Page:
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Flying to Gilgit: what to watch out for

On an average, one 48-seat passenger ATR takes off for Gilgit from Islamabad every day. As growing commerce and tourism attract both domestic and foreign passengers to the Gilgit-Baltistan (G-B) region, the demand outweighs the supply. PIA being the only carrier on this route plays a monopolising role in who reaches and when. There are two road routes but Naran is only accessible between June and October, while the Karakoram Highway is victim to many landslides and blockages.

The interesting part plays out when we look closely at how this role is optimised and to whose benefit. Officially, there are 48 confirmed passengers on a given day. However, the use of influence is a common practice, thereby many a time extra seats are confirmed. In that instance the people with influence certainly travel, while the rest appear as the 49th passenger and are bumped off the flight and confirmed for the next day. This means that the flight next day is overbooked once again and may face a similar situation.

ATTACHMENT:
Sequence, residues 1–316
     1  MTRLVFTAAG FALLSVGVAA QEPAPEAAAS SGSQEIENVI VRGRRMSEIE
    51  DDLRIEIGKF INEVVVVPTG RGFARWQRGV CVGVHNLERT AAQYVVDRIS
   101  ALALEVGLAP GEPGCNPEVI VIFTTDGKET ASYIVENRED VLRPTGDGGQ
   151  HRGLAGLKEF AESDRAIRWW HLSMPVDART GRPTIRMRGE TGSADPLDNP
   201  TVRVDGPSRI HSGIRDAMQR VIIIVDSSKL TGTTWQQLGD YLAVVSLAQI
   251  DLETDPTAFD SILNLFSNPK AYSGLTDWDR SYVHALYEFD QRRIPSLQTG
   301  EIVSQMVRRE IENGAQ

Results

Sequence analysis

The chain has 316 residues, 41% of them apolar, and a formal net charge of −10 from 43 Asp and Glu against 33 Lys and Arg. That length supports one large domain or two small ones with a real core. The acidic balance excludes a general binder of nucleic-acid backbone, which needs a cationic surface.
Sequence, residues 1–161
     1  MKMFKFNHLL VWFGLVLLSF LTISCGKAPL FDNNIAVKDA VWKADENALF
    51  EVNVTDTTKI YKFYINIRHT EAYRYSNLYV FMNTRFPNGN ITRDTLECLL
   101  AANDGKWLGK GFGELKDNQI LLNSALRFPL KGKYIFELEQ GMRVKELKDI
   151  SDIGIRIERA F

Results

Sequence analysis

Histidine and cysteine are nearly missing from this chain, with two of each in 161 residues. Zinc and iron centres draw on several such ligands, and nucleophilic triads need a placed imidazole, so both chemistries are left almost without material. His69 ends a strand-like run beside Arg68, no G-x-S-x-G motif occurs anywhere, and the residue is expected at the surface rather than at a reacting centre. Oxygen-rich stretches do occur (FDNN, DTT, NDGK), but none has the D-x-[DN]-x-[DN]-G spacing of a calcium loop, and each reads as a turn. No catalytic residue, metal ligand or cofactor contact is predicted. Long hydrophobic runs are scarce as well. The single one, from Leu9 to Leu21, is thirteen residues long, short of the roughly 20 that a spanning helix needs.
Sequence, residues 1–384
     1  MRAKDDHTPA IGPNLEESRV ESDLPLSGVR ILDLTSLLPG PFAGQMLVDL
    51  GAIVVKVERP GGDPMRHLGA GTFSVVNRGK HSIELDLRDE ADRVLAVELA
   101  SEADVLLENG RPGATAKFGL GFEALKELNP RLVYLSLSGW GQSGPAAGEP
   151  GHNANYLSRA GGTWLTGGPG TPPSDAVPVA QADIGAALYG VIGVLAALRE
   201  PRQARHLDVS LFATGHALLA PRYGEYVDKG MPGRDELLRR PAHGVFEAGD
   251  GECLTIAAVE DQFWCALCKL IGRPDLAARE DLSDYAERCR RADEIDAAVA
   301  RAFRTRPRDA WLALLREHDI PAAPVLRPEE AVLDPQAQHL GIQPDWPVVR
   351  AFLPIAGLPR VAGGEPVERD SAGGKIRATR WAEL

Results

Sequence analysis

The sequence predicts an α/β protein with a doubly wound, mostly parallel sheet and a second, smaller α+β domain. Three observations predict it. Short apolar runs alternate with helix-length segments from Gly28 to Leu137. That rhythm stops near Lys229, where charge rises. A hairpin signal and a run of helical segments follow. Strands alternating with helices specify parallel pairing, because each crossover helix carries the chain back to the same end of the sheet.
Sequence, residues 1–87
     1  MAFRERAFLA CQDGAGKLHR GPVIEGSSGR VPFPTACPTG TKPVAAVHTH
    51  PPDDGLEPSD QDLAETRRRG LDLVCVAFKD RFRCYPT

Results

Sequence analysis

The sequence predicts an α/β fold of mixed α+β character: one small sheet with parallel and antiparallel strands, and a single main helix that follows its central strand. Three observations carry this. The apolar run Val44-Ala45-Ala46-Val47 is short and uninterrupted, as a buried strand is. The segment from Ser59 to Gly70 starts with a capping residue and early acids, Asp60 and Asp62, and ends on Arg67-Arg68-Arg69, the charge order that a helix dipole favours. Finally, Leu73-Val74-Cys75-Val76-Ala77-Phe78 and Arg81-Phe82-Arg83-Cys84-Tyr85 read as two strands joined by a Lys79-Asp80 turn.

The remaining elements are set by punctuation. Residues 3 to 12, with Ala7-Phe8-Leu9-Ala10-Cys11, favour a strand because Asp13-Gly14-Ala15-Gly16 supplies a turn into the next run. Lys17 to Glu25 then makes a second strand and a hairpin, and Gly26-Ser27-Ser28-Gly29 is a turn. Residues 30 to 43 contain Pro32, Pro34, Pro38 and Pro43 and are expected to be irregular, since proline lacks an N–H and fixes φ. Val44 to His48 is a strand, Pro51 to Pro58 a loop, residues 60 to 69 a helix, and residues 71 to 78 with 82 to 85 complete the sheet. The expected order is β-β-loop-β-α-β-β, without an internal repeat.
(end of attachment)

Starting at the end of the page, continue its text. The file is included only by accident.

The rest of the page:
The above situation becomes more complicated when a flight is cancelled due to extreme weather conditions, which is a common occurrence in G-B. Now 48 passengers have missed their flight, adding on the backlog, and continue to try their luck as chance passengers on the next flight. Things complicate further when we intently observe how a ticket is booked. Considering a massive demand for seats, ticketing becomes a lucrative opportunity. An under-the-table market begins and non-registered agents come into picture. When the PIA portal shows all 48 seats booked for a particular day, travellers are guided to contact these agents who charge Rs3,000 in cash, on average, for the ticket. Hence, it would not be incorrect to presume that agents with the help of PIA officials book these tickets and collectively benefit from the cash generated.

In the past two weeks, I have noticed another trend: two flights are scheduled on Sundays but the second gets cancelled. Thereby the backlog of flyers increases that may not necessarily be because of the weather but a technical strategy.

In this entire picture, who is burdened the most are non-influential locals, including mothers with children and elderly persons, and the entire G-B that could have benefited from those travellers who are indirectly discouraged to travel.

Ajay Pinjani

Published in The Express Tribune, April 15th, 2017.

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